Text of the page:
Te Iho Rangi

Te Ihorangi is the wharenui, Aratiatia is the marae, Ngaati Wairere is the iwi which gifted the land, Kukutaaruhe is the name of the whenua.

The Māori arts website was launched in the year 2000 firstly as a directory site by Tiki O'Brien to help promote his creative talent after honing his skills while still a student of art at Fairfield College. From 1985 to 1995 Tiki worked fulltime to help complette a fully carved whare nui alongside Tainui master carver Kereti Rautangata as part of a community project in Fairfield.

Tiki's contribution included the designing and painting of the entire ceiling kowhaiwhai panels, carving designs and stain glass windows. "I was fortunate to have been given the opportunity and freedome to design and creat works of art while still a teenager. Te Iho Rangi is where it all started for me"says Tiki.

The purpose of the Māori arts site is to provide a simple and easy method to navigate into the rich source of traditional and contemporary Māori media, from tattoo, carving, painting, weaving, sculpture and more from a Māori artist perspective. "Taking Māori arts to the world has always been the main message of this website,not only traditional and contemporary Māori art but the entire spectrum of Māori art including design and the impact it has had on the digital media particularly online. The internet is overwhealmed with information.

It is the hope through a guided personal Tiki tour into this doorway you will form an appreciation and be inspired to look further into the rich history that is Māori-arts. Image above - Ex Fairfield college students now in their 50's with whānau stand outside Te Ihorangi with Tiki centre taking picture with drone. 2019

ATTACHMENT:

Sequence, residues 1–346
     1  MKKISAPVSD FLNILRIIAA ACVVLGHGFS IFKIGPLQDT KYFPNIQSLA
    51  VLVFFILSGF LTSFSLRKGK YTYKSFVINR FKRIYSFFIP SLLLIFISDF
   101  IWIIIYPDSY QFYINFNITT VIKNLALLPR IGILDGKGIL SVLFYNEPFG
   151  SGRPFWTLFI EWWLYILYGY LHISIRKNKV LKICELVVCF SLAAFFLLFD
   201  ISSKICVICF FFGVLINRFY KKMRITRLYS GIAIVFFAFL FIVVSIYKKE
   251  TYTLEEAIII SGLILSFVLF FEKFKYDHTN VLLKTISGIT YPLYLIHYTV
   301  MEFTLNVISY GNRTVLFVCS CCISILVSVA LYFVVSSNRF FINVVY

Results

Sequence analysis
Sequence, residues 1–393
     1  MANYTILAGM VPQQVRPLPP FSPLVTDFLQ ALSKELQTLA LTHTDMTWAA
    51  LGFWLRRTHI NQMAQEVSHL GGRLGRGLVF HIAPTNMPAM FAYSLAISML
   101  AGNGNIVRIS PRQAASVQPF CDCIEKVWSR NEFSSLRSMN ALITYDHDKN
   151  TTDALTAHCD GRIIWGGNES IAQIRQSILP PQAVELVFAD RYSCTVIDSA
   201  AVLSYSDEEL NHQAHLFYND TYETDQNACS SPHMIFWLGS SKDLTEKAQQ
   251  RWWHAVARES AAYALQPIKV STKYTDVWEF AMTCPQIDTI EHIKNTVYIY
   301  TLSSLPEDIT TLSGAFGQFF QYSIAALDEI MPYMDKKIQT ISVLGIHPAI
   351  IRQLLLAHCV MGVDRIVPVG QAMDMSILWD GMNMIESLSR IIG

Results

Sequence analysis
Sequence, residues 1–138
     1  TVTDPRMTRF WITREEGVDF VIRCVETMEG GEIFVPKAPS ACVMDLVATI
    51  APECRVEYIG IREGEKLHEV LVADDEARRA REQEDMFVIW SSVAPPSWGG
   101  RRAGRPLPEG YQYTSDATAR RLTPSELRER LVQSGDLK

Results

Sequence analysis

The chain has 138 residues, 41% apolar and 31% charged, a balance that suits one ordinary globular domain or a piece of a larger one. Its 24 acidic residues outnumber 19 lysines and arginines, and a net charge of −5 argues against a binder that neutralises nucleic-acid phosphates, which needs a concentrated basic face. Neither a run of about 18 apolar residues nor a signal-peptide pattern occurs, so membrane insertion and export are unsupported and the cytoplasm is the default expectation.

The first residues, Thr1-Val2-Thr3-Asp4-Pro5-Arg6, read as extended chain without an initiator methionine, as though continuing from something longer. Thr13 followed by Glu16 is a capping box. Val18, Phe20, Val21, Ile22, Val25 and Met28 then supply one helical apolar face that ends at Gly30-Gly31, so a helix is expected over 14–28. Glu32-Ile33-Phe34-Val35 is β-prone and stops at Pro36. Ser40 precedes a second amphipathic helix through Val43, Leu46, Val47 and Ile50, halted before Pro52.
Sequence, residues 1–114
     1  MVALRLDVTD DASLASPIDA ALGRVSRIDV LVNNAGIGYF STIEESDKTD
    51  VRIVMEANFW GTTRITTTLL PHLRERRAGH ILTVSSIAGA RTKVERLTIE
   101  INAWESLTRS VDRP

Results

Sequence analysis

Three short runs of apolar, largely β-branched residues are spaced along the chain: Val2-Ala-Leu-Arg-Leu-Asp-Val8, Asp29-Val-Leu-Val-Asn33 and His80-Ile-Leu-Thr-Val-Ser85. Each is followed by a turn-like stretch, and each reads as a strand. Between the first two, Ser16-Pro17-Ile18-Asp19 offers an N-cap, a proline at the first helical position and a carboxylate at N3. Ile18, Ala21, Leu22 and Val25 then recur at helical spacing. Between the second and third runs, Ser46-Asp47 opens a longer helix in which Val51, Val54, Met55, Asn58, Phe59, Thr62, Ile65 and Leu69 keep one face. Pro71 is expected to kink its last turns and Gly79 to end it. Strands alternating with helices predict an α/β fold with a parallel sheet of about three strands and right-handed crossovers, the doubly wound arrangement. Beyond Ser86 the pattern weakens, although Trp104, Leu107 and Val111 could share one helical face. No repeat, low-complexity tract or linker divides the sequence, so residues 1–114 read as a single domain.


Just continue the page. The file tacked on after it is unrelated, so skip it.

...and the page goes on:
Menu

Select the menu below to be taken to information regarding your interest.

Māori Tourism

Māori tourism is unique to the New Zealand landscape alongside the natural beauty , history, culture and traditions of the Māori. Māori tourism gives you the opportunity to experience the sacred lands, oceans, lakes and valleys the way ancient Māori saw it..

Māori Carving

Whakairo is the traditional art of Māori carving on wood, stone and bone. Many meeting houses and churches highly ornate and decorative have been fully carved by well known Māori master carvers in New Zealand. This ancient form is very much alive and thriving in the carving schools and arts and craft.

Māori Tattoo

New Zealand is the home of Māori tattoo better known as Tā Moko. A new term used to describe this art form is kirituhi or skin art. Māori tattoo is world renown and despite many Māori inspired tattoos being manufactured over seas. Māori tattoo artists maintain the art today true to form.

Māori Media

Māori media traditional and contemporary is the medium from which all communicative, creative and artistic forms of expression, including language is brought together for the purpose of education, learning and conveying a powerfull message.

Māori Weaving

Māori weaving uses harakeke (flax) a native plant used for weaving items such as mats, baskets and bags, just to name a few. But what needs to be mentioned is how Māori weaving including the art of Māori cloak making has evolved to new artistic heights and works of art.

Māori Organisations

Māori organisations feature in many areas such as sports, education, health and well being. Rich in culture, history and knowlege passed down by their ancestors, every tribe has their own way of portraying their tikanga and kawa to express their cultural values .